Missouri Department of Transportation (MoDOT) unveiled plans Nov. 17 for reconstructing Interstate 64/40, the largest project in MoDOT’s history and its first design/build effort. This $535 million project would be the highway’s first major design change since it was built from the 1930s to the 1960s.
MoDOT officials indicated the project would be done in three years rather than four years. However, the project would closed parts of the highway for long periods of time.
Officials explained the reconstruction would repair the crumbling road bed and deteriorating bridges. In addition, the project includes fixing the tight-loop ramps, which were designed for 1950s’ traffic. Approximately 170,000 vehicles traverse the highway daily.
MoDOT selected Gateway Constructors as the main contractor. Missouri Highways and Transportation Commission voted unanimously to approve Gateway because it proposed to cut construction time from four to three years.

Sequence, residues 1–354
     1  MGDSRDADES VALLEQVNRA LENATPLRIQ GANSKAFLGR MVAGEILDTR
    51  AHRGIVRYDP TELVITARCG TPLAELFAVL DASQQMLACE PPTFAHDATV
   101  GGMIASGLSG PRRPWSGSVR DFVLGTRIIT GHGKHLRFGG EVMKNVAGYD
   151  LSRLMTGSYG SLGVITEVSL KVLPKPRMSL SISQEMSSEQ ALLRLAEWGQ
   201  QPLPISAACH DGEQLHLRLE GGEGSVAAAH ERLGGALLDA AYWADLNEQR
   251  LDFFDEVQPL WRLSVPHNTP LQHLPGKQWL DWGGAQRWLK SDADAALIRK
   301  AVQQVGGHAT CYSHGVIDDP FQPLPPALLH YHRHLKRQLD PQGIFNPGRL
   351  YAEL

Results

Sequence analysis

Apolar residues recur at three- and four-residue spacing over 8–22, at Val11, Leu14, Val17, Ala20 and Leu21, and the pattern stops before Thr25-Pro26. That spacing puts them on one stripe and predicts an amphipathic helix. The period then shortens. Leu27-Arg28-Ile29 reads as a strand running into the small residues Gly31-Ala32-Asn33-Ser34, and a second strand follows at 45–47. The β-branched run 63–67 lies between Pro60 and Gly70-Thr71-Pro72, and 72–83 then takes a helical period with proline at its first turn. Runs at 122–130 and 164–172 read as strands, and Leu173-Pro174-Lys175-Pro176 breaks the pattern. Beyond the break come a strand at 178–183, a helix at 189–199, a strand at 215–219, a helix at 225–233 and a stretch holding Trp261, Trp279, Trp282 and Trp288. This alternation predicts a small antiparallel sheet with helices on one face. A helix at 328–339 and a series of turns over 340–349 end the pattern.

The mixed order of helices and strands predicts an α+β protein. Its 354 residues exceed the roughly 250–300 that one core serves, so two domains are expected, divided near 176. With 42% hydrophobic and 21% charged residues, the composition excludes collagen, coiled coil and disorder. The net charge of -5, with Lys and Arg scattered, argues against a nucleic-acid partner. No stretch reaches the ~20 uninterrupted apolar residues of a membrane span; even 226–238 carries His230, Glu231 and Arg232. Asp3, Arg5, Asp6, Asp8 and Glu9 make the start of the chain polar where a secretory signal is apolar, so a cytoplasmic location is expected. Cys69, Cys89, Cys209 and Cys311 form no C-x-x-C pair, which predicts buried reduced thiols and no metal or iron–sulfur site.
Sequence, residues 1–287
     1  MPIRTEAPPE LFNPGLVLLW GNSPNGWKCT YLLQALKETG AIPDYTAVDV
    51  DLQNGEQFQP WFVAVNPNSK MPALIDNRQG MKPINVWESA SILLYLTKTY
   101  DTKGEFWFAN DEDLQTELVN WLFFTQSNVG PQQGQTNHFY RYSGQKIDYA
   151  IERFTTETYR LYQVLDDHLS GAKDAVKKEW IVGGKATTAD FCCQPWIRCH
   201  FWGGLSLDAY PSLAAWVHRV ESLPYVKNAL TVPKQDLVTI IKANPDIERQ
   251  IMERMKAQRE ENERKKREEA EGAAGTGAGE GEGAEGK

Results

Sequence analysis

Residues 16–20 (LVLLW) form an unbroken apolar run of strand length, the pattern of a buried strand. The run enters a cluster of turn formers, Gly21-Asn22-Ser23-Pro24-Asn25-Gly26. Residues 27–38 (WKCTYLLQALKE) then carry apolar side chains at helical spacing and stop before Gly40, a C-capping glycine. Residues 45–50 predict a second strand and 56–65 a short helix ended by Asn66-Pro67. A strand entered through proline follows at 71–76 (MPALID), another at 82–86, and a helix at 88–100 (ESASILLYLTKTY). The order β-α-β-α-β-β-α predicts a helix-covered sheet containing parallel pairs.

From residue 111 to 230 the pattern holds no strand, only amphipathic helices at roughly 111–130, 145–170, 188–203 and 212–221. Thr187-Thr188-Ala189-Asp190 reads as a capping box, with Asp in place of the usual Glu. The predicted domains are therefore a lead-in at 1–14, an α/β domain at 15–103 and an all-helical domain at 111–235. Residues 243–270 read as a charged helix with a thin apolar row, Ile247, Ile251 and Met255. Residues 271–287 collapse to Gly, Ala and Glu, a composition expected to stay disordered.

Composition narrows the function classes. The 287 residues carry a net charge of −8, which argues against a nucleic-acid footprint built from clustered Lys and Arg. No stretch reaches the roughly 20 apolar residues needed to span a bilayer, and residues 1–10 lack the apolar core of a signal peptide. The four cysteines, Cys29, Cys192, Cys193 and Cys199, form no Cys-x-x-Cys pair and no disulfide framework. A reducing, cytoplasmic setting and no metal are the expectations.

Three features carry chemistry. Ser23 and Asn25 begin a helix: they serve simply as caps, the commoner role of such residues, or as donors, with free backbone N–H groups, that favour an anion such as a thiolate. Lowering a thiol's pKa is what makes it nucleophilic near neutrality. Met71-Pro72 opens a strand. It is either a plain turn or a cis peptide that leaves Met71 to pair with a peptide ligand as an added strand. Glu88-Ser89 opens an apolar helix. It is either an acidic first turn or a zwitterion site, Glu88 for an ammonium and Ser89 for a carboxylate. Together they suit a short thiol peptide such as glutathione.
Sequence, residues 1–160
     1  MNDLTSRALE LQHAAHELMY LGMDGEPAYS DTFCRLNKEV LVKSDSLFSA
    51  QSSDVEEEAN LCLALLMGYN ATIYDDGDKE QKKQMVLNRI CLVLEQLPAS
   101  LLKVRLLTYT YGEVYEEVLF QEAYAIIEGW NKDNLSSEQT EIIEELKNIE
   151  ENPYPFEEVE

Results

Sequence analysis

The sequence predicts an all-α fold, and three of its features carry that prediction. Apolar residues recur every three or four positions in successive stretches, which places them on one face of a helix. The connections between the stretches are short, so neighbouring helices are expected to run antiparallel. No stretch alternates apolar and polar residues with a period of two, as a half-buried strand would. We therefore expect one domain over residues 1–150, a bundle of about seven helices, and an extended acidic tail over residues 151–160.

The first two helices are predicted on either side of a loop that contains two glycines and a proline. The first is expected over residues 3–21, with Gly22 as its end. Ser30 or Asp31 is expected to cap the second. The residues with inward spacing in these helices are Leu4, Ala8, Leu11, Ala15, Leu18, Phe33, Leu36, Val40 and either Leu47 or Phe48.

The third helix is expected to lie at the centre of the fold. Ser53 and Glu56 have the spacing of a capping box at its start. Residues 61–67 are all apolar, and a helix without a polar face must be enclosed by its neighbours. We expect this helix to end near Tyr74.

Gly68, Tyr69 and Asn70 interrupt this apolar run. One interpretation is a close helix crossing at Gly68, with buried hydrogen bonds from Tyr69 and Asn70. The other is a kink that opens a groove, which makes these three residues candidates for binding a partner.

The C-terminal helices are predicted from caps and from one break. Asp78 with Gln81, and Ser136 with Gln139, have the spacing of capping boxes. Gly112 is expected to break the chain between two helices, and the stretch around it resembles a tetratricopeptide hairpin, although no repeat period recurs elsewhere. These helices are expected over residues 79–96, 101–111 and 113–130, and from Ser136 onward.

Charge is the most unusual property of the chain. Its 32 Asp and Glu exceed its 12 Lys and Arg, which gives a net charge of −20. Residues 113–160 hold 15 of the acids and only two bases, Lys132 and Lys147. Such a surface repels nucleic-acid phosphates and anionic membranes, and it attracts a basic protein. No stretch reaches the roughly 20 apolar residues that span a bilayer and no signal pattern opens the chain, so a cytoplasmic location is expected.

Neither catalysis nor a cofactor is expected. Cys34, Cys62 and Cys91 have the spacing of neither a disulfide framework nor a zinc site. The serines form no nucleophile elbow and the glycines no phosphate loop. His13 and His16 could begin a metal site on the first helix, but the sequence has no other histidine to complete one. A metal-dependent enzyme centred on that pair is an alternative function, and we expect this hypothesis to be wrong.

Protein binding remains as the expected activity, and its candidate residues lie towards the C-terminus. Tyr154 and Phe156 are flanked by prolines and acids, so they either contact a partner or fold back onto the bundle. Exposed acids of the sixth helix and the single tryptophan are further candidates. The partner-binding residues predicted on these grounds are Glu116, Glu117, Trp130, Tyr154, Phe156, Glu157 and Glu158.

Granite Construction of Watsonville, Calif., would lead the team, which includes Fred Weber Inc. of Creve Coeur, Millstone-Bangert Inc. of St. Charles, Parsons Transportation Group, URS and Vector Communications.
Gateway’s construction plan would have three phases and would start in spring 2007. All lanes on I-64 and I-170 would be open by Dec. 31, 2009. Final work and landscaping would follow with a completion date of July 31, 2010.
Crews would start rebuilding the I-170 interchange in the spring. Lane closures would be limited to nights and weekends.
Traffic would be most affected in 2008 when the western half of the highway would be closed in both directions. The next year those lanes would reopen and the eastern half of the corridor would close.